Why We Chose bumGenius Cloth Diapers

Cloth diapering is WAY more complicated than we thought. We were looking for the simplest option. Here’s why we choose bumGenius.

Cloth diapering is WAY more complicated than we thought. We were looking for the simplest option. Here's why we choose bumGenius.

In our last video, we showed you our cloth diaper setup, and people wrote in and asked us why we chose bumGenius.

 

Frankly, cloth diapering is WAY more complicated than I thought. There are:

  • Prefolds
  • Flats
  • Fitteds
  • Pocket Diapers
  • All-in Ones
  • All-in Twos

Ahh! It was a little overwhelming to be honest.

And I was looking for the simplest option…

I liked the fact that, with bumGenius, there was only one size to buy. That was HUGE in terms of ease and cost. We could coast through the diapering stage without having to stop and think about whether it was time to buy another size.

And bumGenius also had crazy good reviews on Amazon.

We purchased the bumGenius 4.0s right as they came out, which helped us feel like we were buying into cutting edge diaper technology.

We chose to buy 24, because that was enough to let us go three days at a time before we needed to do laundry. (The less laundry, the better… amiright?!)

Turns out: We love our bumGenius

We started using them when Griffin was 10 days old (after the meconium phase—can you say messy?!) and have used them just about every day now for eight months.

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We do see a few cons with bumGenius diapers though…

  • They’re bulky. We kind of like this extra padding, but if you’re looking for a fitted look, the one-size diapers ain’t for you.
  • Colors aren’t all that bright. Instead, they’re light pastels. On the upside, they won’t show through white pants or stand out in a lighter-colored outfit.
  • They get stained. Of course, every diaper does. But when you’re using the same one for years, you need to take extra good care of them.

How these diapers work

The diapers have snaps to adjust to three different sizes, which will take your baby from newborn right up until potty training.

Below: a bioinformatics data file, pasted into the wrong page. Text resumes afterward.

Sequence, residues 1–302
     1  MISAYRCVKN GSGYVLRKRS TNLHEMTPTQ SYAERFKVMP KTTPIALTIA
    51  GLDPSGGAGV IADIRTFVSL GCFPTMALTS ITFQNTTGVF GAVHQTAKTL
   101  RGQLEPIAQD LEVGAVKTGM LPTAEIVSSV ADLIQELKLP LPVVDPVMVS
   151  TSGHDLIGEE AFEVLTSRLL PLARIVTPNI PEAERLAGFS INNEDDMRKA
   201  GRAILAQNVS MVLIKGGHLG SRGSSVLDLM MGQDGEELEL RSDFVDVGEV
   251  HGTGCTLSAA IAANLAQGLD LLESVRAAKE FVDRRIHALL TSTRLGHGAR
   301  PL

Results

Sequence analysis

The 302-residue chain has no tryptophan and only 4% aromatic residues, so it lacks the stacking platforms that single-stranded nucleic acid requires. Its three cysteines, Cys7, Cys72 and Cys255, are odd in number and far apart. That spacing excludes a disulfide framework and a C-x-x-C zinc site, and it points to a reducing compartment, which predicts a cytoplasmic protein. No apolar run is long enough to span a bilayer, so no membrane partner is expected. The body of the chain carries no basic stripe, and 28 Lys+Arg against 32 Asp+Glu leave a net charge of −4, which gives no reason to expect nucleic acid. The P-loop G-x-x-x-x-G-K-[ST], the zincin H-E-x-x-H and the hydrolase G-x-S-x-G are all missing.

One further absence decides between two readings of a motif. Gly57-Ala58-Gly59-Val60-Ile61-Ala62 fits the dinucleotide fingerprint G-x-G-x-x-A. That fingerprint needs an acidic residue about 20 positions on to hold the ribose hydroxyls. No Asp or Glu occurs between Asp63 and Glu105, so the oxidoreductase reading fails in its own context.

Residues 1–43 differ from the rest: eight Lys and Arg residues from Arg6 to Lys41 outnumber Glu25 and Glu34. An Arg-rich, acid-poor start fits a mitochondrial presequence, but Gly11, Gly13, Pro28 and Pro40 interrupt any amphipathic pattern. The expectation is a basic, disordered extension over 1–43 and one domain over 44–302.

Each bumGenius diaper comes with two inserts:

  • Newborn
  • One-size, which are thicker and more absorbent

We used the newborn insert for about three months with Griffin. Once he started to outgrow that, then we started using the bigger, one-size insert at night.

bumGenius one-size diapers come in two varieties

  • “Hook and loop” (Velcro)
  • Snaps

We bought half and half. At first, Mike and I both preferred the snaps version. But the velcro is pretty easy, too. And the velcro is nice and easy for grandmas and the cloth uninitiated to use, as they go on just like disposables.

The only downside to velcro is that you have to remember to attach the velcro tabs to a pad in the back of the diaper when you wash them, otherwise they’ll stick to and tear up the other diapers (and swaddles and other delicates) in the washer.

Are you researching cloth diapers?

Check out our post on Cloth Diapering 101. It has everything you need to know to get started CD-ing, including all the types of diapers, how many you need to buy, just how much they save you, and more. Enjoy!

Genevieve Howland

About the Author

Genevieve Howland is a childbirth educator and breastfeeding advocate. She is the bestselling author of The Mama Natural Week-by-Week Guide to Pregnancy and Childbirth and creator of the Mama Natural Birth Course. A mother of three, graduate of the University of Colorado, and YouTuber with over 85,000,000 views, she helps mothers and moms-to-be lead healthier and more natural lives.

37 Comments

  1. Is there a cloth diaper brand made from natural and organic materials? I was planning on cloth diapering for the aspect of it being more natural and safer for baby, but looking at the options, that doesn’t seem to be the case. Especially as there are now natural disposable diapers available.

  2. I can’t really fathom how anyone could “love” BG diapers unless they have never tried others. The elastic and hook & loop (aka Velcro) are horrible quality and knowing this, rather than correcting it, BG chooses to sell “repair kits” so they’re just increasing their own profit at consumers expense both financially and the time it takes to repair them. Microfiber is cheap, extremely prone to buildup and compression leaks. No one has time for that mess. And their natural fiber diapers, while moderately more absorbent, still have crappy elastic and short lifespan so don’t bank on being able to use them for multiple babies! There are sooooo many higher quality diapers out there and even many at a much lower price point. Kind of makes me wonder if rather than trying some of the other amazing brands, that this wasn’t a paid advertisement for BG. ?

    • What kind do you like to use ?

  3. I love my bumGenius 4.0s which I bought because of this post and your other cloth diapering posts. Stains is not an issue for me though, and I also have never needed to strip the diapers yet, and baby has been wearing them for the first 6 months of life. I sun dry my diapers and I live in a really sunny part of South Africa so the stains and the stank all come out just from the sun!

    • Nice one, Lorraine! There’s nothing like the ☀️ to fix some funky diapers. ?

    • Hi. I noticed amazons seller’s do not ship this diapers to my country, Namibia. But My South African neighbours, how did you get them? May you please be so kind, Thank you so much.